Bikes Are Big Winners Post-Sandy
"All told the shop sold 15 bikes Wednesday," notes Erlich. "In October it usually sells a bike every two weeks."
Bike enthusiasts are hoping the increased interest in bicycle commuting will endure once the transportation crisis subsides. ""Maybe this can be the window into the life of a cyclist," mused Jake Fleischmann, a salesman at Ride Brooklyn. "Maybe all these people who had a bike for leisure will see that riding a bike can be your mode of transportation, especially a city like New York. We are pretty level ground, you can ride anywhere within a few minutes."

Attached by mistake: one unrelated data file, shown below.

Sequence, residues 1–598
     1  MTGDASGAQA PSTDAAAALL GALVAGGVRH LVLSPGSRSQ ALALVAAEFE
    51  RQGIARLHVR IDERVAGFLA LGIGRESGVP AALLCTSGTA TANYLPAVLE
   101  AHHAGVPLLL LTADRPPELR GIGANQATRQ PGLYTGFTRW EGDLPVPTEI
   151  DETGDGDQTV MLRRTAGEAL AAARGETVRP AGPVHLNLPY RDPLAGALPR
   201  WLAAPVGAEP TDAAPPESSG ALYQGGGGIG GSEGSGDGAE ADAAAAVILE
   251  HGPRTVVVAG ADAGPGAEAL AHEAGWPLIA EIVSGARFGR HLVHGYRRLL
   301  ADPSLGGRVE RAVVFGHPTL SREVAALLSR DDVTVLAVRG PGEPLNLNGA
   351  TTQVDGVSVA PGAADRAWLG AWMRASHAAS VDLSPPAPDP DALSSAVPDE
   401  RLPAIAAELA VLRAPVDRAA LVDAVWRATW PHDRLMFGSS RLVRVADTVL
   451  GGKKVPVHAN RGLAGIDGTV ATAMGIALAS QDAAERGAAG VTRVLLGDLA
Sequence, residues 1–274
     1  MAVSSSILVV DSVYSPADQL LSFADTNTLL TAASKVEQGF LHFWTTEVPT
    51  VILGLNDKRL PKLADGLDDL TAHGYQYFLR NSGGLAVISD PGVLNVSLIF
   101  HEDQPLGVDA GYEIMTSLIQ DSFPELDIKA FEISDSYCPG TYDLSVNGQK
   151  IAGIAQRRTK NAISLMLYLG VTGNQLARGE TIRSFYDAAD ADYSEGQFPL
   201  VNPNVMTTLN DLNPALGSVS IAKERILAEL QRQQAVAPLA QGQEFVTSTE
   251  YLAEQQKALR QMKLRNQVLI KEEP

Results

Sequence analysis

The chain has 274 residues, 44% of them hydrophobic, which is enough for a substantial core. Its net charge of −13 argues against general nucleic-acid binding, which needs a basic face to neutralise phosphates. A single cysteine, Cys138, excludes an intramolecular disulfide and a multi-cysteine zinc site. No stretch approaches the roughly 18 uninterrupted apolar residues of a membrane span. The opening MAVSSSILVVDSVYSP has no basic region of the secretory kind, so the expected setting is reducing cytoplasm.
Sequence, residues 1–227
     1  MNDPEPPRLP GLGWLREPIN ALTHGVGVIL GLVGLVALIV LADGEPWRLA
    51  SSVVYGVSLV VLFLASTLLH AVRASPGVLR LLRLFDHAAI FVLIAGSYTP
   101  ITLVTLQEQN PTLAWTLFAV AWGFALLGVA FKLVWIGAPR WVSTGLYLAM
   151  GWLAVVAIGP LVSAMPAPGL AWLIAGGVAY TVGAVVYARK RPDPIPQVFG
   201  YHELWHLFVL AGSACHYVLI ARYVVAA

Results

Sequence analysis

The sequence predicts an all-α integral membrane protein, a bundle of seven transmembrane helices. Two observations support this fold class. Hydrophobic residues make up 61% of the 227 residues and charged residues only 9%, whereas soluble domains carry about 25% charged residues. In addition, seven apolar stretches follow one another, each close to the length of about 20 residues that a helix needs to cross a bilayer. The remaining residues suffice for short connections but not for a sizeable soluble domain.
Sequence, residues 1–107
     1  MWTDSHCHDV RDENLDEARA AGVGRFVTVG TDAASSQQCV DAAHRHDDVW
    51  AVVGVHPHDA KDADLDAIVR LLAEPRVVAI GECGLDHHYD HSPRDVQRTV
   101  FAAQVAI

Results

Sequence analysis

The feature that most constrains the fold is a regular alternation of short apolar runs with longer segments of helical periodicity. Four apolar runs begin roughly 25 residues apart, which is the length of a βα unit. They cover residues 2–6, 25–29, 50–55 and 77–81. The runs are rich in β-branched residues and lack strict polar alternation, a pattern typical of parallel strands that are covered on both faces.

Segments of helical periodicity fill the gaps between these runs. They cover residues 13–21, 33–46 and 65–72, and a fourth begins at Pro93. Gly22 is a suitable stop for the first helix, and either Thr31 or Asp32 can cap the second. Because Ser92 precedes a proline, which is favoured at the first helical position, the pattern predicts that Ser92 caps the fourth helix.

That seems to be the case with Thomas Jarrels, who was a bike messenger in the 1980s but hadn't ridden to work since. "Though it took slightly longer than the train, he said, he thought he would keep biking even after the subway started running again," writes Kate Taylor in The New York Times.
"It saves money, and it's less of a headache," he said. "It gives you time to think, meditate and get your exercise on."